The article also said that MOD is endeavoring to upgrade the Japan Aerospace Defense Ground Environment missile intercept system to more effectively operate Japan’s two-stage missile defense, alongside acquiring more interceptor missiles.

In a 2020 article, Nikkei noted that Japan’s two-stage missile shield consists of Aegis-equipped warships that can intercept ballistic missiles in their midcourse phase and Patriot PAC-3 surface-to-air (SAM) batteries that can shoot down missiles during their re-entry phase.

Apart from building passive missile defenses, Japan is also planning to develop offensive missile capabilities that can strike China and Russia, as reported by the South China Morning Post this month.

Japan said in late August that it would develop and mass-produce a cruise and high-speed ballistic missile to deter China and Russia. 

The South China Morning Post article also notes that Japan’s MOD asked for spending to be increased to $39.8 billion, a figure which could rise after factoring in other defense programs.

Japan’s Ministry of Defense wants bigger budgets for its naval capacities vis-a-vis China and North Korea. Photo: iStock

Asia Times has previously reported on Japan’s plans to point 1,000 long-range cruise missiles against China, potentially reversing its pacifist foreign policy in place since the end of World War II.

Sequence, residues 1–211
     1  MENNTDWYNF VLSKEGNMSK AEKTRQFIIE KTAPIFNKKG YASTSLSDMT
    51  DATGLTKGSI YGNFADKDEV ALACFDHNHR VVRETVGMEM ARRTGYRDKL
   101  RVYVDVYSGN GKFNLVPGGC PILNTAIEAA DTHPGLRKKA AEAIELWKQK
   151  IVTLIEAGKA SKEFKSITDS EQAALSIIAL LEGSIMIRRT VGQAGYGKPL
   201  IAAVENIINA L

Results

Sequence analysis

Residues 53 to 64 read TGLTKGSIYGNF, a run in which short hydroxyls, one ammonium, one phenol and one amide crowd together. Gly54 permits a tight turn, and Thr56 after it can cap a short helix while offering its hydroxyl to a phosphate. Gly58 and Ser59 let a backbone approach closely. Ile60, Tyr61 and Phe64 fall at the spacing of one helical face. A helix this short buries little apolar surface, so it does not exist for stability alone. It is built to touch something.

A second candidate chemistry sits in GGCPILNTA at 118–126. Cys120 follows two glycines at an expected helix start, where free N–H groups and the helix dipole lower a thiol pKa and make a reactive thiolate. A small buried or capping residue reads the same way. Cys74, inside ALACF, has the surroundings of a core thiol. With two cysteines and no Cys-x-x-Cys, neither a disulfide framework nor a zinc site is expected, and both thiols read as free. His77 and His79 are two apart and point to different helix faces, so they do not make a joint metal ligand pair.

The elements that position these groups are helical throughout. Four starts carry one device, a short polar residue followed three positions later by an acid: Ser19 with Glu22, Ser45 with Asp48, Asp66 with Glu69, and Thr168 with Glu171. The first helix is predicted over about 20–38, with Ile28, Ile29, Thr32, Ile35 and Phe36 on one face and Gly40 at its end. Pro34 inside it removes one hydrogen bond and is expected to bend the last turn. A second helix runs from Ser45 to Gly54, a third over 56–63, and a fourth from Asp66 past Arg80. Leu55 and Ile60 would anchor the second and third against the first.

These missiles would be modified from Japan’s existing land-based Type 12 anti-ship missiles, increasing their range from 100 to 1,000 kilometers. The upgrades would also allow them to be launched from ships and fighter planes and can be based in Japan’s Southwest Islands and Kyushu.

China and North Korea’s recent missile tests may have spurred Japan’s shift to acquire offensive strike capabilities against their missile arsenals. Beijing and Pyongyang have substantial numbers of missiles pointed at Japan, with China having 1,900 ground-launched cruise missiles and 300 intermediate cruise missiles capable of striking Japan. North Korea also has hundreds of ballistic missiles that threaten Japan.

Five Chinese missiles landed in Japan’s exclusive economic zone (EEZ) as part of large-scale military drills launched in heated response to US Secretary of State Nancy Pelosi’s visit to Taiwan. 

The source also notes that while China’s missile tests were primarily intended to warn the US and Taiwan, they also served as a veiled threat to Japan, as some of its far-flung islands were between the missile exercise areas.

In its 2022 Defense Review, Japan also expressed concern about Russia’s increasing reliance on its nuclear arsenal and growing strategic cooperation with China.

Japan is concerned that could result in a surge of Russian military activity near the disputed Kuril Islands, including through more overflights of combat aircraft, naval incursions and the stationing of more missile batteries and troops on the islands.